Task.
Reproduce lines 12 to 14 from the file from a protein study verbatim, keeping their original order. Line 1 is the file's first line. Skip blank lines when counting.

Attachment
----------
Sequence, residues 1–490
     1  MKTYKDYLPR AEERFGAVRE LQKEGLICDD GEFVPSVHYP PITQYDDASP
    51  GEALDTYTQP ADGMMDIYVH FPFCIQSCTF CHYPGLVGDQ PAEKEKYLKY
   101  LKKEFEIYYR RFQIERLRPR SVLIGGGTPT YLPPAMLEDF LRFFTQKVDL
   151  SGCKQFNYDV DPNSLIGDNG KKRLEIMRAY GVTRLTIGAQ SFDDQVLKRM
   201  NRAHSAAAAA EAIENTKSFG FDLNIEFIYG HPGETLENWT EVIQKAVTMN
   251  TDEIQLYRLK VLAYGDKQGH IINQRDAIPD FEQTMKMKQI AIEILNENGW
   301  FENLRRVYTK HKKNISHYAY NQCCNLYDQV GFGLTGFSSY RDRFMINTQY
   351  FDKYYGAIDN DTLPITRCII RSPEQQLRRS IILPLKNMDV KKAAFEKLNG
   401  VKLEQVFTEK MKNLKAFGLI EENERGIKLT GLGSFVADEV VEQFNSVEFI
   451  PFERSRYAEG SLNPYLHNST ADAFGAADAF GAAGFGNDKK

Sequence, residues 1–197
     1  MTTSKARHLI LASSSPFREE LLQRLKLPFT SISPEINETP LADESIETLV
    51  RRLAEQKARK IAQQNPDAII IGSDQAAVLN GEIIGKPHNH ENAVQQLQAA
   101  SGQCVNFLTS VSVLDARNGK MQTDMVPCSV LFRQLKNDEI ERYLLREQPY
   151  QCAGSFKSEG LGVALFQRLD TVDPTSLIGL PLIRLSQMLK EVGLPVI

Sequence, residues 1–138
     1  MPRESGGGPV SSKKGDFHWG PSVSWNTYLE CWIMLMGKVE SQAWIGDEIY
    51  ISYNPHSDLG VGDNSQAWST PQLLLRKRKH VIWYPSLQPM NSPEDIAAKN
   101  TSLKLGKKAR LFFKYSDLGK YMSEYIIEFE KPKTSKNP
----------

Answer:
Sequence, residues 1–197
     1  MTTSKARHLI LASSSPFREE LLQRLKLPFT SISPEINETP LADESIETLV
    51  RRLAEQKARK IAQQNPDAII IGSDQAAVLN GEIIGKPHNH ENAVQQLQAA